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Morning Person Habits

Wednesday, November 27, 2013 by admin

The dreaded time change.

I am not a fan of this country’s policy for daylight savings times. It always feels like you leave work at 10pm even though it is 5:30. There are some benefits, like the extra daylight in the early morning hours. I know what you are thinking to yourself, I am not a morning person and dread the alarm clock. I want to offer a few tips in helping to change this habit.

Last year I read a great book “The Power of Habit” by Charles Duhigg http://www.amazon.com/The-Power-Habit-What-Business/dp/1400069289

This book helps you look at every action in your daily life with a different perspective. It teaches and discusses how to view something as simple as brushing your teeth as a habit that you have learned from an early age.  The key to training yourself to being a morning person is to understand why you are not a morning person. Learning to wake up early is simply a habit that can be re-learned. Any habit has 3 components called the habit loop as discovered by MIT researchers. They are the “Cue”, “Routine”, and “Reward.” The obvious cue for waking up is the alarm. The rewards for exercising are simple: you feel good, you look better, and you can compete better at your races. The routine is what must be adjusted. The tricky part of this process is that your routine can have many variables that will need to be adjusted before you can determine what routine works well for you to create a habit. I like to suggest modifying one item about your routine at a time.

I have become a morning person by default. I had no choice. My professional career did not allow me the luxury of evening workouts. I started my professional career in a job that required me to report to duty at 6:30am every day. Add in a 20 min drive and I was up early even when I didn’t train before work. What I noticed right away was that my body was so tired by the time I got home at 6-7pm I would fall asleep by 8pm – 9pm no matter what. This made it easy to wake up an extra 60 minutes earlier than I needed so I could get in a workout. My routine was adjusted without much intervention.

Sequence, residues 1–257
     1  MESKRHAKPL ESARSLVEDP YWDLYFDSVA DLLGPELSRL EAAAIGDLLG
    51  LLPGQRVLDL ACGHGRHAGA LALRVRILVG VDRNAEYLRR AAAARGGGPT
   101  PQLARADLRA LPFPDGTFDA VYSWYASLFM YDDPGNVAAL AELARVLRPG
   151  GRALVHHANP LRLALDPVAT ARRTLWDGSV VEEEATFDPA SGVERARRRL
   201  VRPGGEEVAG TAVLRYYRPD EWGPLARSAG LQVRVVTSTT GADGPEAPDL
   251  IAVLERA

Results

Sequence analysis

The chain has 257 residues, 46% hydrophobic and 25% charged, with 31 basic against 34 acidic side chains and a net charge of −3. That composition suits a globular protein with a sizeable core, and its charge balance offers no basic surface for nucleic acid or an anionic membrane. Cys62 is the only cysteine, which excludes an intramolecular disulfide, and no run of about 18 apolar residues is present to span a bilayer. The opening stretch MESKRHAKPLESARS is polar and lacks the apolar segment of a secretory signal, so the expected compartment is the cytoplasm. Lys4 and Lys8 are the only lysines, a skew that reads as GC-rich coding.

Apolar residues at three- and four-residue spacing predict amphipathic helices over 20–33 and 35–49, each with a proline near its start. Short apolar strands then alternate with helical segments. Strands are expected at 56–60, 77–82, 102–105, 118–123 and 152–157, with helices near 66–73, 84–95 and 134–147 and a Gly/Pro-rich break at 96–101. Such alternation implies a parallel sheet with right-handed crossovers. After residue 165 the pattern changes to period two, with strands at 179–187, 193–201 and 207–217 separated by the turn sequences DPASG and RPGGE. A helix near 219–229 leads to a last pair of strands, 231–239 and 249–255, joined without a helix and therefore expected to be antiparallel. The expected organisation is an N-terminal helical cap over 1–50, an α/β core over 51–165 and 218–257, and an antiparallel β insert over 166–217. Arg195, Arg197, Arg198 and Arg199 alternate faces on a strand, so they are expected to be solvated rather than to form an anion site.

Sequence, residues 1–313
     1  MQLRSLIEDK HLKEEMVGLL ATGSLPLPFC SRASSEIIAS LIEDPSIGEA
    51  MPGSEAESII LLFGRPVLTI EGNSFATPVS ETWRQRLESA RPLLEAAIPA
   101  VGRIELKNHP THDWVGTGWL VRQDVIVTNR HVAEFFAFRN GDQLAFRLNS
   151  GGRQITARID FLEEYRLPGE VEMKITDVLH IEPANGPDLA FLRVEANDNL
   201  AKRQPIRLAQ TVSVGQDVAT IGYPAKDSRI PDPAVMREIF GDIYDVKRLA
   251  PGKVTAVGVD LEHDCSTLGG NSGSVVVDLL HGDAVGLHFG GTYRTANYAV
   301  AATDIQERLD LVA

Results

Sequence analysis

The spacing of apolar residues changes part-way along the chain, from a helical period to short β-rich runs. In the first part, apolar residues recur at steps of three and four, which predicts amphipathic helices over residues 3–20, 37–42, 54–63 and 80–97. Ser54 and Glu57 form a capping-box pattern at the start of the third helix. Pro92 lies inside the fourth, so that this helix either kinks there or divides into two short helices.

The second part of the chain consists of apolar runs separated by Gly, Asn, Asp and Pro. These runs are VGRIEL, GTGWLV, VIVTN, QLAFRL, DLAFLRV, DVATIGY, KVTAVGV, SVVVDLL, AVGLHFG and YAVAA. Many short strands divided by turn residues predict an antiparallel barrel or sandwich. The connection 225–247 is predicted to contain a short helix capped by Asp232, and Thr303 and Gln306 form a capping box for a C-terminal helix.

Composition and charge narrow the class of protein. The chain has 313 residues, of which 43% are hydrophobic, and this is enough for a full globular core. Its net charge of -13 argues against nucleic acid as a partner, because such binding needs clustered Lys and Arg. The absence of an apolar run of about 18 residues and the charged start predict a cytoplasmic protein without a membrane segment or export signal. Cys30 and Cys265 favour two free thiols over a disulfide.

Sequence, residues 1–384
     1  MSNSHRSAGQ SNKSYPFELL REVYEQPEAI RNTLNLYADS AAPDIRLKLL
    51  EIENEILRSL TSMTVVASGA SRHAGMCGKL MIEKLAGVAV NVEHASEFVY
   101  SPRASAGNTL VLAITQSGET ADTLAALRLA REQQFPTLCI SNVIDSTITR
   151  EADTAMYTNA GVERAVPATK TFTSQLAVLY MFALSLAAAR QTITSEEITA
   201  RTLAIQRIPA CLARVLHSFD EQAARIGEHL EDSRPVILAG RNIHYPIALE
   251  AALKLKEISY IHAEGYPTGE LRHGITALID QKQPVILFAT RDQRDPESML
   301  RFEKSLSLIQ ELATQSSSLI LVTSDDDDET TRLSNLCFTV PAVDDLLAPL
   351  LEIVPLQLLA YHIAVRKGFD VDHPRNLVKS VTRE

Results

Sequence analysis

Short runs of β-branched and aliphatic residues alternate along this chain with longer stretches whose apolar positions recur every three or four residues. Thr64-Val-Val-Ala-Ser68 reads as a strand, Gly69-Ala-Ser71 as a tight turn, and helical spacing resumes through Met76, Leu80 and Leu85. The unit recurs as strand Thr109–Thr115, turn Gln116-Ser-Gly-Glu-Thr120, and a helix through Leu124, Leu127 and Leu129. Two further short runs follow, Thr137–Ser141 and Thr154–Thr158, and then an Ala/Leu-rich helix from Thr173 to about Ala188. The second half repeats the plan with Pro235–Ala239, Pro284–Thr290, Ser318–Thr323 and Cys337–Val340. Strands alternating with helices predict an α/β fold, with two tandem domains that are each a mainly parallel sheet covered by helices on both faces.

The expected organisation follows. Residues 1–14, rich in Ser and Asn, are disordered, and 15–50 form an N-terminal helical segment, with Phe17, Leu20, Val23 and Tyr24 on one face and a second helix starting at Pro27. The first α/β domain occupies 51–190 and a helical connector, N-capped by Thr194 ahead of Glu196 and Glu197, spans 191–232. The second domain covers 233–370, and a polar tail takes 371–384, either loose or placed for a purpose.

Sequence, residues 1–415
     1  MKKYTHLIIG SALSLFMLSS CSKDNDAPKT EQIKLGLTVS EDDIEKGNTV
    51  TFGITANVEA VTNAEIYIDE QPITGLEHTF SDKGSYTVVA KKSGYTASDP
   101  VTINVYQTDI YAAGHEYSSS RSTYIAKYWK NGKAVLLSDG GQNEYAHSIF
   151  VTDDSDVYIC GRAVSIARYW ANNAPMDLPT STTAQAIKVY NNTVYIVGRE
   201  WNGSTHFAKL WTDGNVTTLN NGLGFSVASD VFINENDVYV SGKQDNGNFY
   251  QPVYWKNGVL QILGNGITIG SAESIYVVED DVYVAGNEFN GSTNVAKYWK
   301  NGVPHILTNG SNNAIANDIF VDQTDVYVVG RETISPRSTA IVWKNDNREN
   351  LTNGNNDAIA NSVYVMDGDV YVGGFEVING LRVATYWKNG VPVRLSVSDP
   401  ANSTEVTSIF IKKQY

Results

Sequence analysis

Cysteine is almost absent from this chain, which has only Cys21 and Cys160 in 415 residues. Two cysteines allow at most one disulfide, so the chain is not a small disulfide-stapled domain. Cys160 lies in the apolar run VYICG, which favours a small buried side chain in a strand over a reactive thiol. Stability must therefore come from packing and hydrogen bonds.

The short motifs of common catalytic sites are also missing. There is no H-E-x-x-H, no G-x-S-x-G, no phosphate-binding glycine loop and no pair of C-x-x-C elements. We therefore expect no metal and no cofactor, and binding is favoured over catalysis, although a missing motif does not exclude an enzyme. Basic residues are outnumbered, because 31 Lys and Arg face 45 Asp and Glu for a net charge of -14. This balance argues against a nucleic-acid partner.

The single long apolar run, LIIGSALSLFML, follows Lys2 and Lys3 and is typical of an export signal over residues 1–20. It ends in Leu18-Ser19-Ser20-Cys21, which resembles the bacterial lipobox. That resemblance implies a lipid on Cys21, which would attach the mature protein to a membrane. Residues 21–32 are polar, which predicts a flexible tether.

I would suggest that the number one item to modify about your daily routine to help you become a morning person is to adjust your evening routine as this plays a large role in the morning routine. The goal is to get to bed earlier every night so waking up at 4:30 or 5am isn’t a big deal when you get 7 – 8 hours of sleep. A good method for this is to log everything you do from the minute you walk in the door from work until the time you go to bed. After you have logged what you are spending your time doing, begin to cut out the non-essential items such as TV, reading, internet, facebook, phone calls, etc. I bet this will free up around 1 – 2hrs in the evening. You can then use this free time to help go to bed earlier and also prepare yourself for the morning and day ahead. I suggest packing lunches, packing up workout gear, getting the bike trainer setup, laying out running clothes, prepping the coffee maker, preparing breakfast, etc. the night before.  By doing these task in the evening, it will allow your morning to run on auto pilot. The last thing you need to do when you first wake up is tackle complicated tasks. Make it easy on yourself by having everything you need for your morning at your finger tips. Spend a few minutes the evening before and write yourself a script or sequence of events for the morning. If you know exactly what you are going to do from the minute you wake up till the minute you drive off for work, it will make your morning very efficient and keep you on task.

Once you have worked out a basic framework for all of these items, your next step is to implement the process and try it for 2 – 3 weeks. I can almost guarantee that if you follow your process for this long it will become a habit. The challenge for many is the weekend, this is where you can potentially fall out of your routine. Try to keep a similar routine for your morning along with bed time and wake up calls. This will help make Monday morning much easier. If some of the above tips don’t help, try modifying one other aspect such as the location of your alarm clock or type of alarm clock, or maybe even getting a programmable thermostat to warm up the house on a cold winter day. When you try to determine what to change next, the easiest question to ask yourself is “what don’t you like about waking up early?”



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